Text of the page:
15 February 2007

Religion in Rosario: Ignacio Peries

Father Ignacio is one my pet peeves... one of those I spoke about in my last post. Ignacio is a middle-aged Catholic priest originally from Sri Lanka (his full name is Ignacio Peries Kurukulasuriya). He has a beard and bright eyes on a dark complexion, and he speaks Spanish with a monotone accent, all of which contributes to a "magnetic" quality of his among the gullible masses. He supposedly has healing powers, or at the very least the power to look at sick people and tell them what disease or problem afflicts them, or what they should do about it. As his fame increased, his followers mounted a bureaucratic structure around him, with secretaries giving out thousands of numbers to see the man one month in advance. The little church of the Nativity of the Lord in a poor barrio of Rosario was turned into a place of pilgrimage to see Padre Ignacio and try to get a touch, a glance, a word from him.

Ignacio has among his devotees a couple of members of the local media, and rubs elbows with the best of the best of the local aristocracy — Catholic businessmen, politicians, public opinion shapers — from whom he gets juicy donations. You won't find negative references to Ignacio Peries in the press, though you can dig up a lot anecdotical evidence if you ask around. The guy undoubtedly has a short-term positive effect on many people, but other than that, what has he done?

After gaining fame, in 1998, Ignacio was appointed to lead the Crusade of the Holy Spirit, seemingly a long-term operation aimed at building his own seminary, funded by high-priced lunch meetings with Rosario's VIP class. That year he got donations for US$500,000, which he used to buy a 30,000 m² estate and build a house for the seminarists. He did help other projects, such as schools and healthcare centers, but neither the Crusade nor the normal activities of the parish include the use of Ignacio's enormous popularity to do anything truly significant but reinforce his image.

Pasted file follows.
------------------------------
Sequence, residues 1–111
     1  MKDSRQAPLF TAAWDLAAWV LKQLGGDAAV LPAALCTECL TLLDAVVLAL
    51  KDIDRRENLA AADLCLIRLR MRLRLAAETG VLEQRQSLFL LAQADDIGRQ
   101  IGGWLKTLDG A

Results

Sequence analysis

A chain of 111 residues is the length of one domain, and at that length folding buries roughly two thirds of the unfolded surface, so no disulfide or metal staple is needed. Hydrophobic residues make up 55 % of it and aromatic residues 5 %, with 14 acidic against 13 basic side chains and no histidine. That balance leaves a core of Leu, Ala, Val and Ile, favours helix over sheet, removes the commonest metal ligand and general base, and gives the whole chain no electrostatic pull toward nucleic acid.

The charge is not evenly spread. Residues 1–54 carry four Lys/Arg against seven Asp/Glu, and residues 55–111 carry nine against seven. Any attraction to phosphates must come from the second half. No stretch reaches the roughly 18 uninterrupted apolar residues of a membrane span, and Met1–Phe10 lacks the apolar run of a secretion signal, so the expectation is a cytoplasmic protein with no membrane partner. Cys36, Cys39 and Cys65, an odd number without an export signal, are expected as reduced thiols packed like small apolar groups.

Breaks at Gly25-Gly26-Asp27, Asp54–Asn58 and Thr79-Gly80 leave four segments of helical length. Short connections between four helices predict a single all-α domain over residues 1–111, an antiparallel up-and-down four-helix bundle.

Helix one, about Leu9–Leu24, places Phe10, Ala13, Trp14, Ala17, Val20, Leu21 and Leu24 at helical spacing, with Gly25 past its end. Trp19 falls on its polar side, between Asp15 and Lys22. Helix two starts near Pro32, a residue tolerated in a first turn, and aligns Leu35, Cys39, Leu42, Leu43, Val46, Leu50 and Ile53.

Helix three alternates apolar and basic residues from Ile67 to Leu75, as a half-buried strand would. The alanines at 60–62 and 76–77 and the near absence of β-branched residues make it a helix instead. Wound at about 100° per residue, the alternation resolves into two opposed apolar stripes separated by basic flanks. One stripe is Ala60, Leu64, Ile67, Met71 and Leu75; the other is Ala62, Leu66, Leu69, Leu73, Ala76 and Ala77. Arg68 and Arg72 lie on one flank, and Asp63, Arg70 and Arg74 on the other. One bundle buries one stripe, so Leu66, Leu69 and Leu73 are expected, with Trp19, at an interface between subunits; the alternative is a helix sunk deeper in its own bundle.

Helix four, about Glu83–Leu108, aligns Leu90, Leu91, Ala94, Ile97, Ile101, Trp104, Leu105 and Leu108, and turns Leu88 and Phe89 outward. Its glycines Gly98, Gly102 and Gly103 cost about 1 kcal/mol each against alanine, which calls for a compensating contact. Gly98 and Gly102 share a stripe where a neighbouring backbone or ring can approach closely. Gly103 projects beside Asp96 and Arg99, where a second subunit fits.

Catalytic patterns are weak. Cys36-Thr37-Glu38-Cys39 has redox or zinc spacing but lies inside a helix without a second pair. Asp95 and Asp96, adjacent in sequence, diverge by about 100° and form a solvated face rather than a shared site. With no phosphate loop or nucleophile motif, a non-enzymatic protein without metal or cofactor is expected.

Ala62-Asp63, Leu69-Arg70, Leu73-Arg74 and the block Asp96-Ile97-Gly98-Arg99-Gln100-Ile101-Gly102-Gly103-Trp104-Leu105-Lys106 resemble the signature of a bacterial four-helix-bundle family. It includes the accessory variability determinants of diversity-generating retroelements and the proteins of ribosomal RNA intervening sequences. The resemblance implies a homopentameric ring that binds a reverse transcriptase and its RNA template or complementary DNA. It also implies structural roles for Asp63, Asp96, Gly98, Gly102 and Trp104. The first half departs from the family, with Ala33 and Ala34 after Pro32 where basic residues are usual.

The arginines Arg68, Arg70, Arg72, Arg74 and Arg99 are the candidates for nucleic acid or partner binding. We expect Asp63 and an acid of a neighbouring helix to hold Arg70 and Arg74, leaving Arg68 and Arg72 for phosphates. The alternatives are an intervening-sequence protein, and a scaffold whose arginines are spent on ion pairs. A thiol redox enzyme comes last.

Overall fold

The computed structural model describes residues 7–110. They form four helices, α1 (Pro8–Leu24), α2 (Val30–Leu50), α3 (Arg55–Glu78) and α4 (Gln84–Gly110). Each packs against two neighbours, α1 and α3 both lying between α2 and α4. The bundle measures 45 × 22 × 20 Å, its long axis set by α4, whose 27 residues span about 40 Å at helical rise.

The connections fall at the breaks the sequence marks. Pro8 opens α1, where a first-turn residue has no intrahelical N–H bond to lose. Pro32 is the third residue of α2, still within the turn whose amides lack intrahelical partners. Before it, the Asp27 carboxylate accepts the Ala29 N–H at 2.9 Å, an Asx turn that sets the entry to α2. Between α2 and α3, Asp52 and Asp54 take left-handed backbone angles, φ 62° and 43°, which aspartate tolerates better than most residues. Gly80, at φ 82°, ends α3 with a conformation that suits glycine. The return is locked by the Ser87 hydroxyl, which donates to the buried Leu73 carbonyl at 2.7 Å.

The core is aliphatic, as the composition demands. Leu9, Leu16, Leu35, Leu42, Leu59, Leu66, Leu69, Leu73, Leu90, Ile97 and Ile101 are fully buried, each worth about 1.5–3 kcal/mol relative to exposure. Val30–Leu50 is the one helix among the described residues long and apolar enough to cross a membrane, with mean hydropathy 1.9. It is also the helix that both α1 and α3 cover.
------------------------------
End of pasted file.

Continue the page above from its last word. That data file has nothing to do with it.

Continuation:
On Crucifixion Friday every year, Ignacio leads a Via Crucis that gathers thousands (150,000 people); buses have to be re-routed, the neighbourhood is invaded by pilgrims who leave a trail of trash behind them, and local TV channels cancel other programmes to broadcast the event, as Ignacio's media and politics friends scramble to appear in the picture.

As per usual policies of the church, Ignacio should have been assigned to another parish years ago, but two archbishops have so far tolerated him, even as many local priests, off the record, abhor his sensationalist exposure. It's a common occurrence to hear people speaking of a problem and how Ignacio is surely going to help if only they manage to get a word with him or show him a photo of a loved one — which makes me cringe.

The guy has all the mannerisms of a fake guru, and the same kind of followers: people whose only trouble is how to spend their time and imagine they have all sorts of problems; people who need reassurance from a higher power; and (the saddest part) people who are truly very ill, or have relatives who are very ill. Some claim Ignacio can guess what's troubling you without so much as a quick look, or even at a distance, and that he's been able to diagnose medical conditions then confirmed by doctors. Others get vague advice: "We must wait and pray", "Have faith", "Everything's gonna be OK".

Quite naturally, and as it happens with diviners all around the world, Ignacio's foretelling works at random but only his successes are recorded and exalted. To his credit, I'm told he always tells supplicants not to abandon proper medical assistance and treatment. Some undoubtedly are beyond that possibility by the time they look for supernatural healing. It just goes against my instincts and my intellectual stance to accept that, maybe, those people might profit from abandoning reason and devoting themselves to wishful thinking while they die.

It's quite possible that Ignacio actually believes he has a God-given power and a mandate to heal and comfort. What I find uncomfortable is the mass phenomenon, not the man. The politicians' and media people's attempts to appear next to Ignacio is comprehensible (their livelihood depends on subservience to the public opinion) but disgusting nonetheless. That the Church looks the other way to avoid harming one of its few sources of popular prestige in the area is also natural, and equally disgusting.

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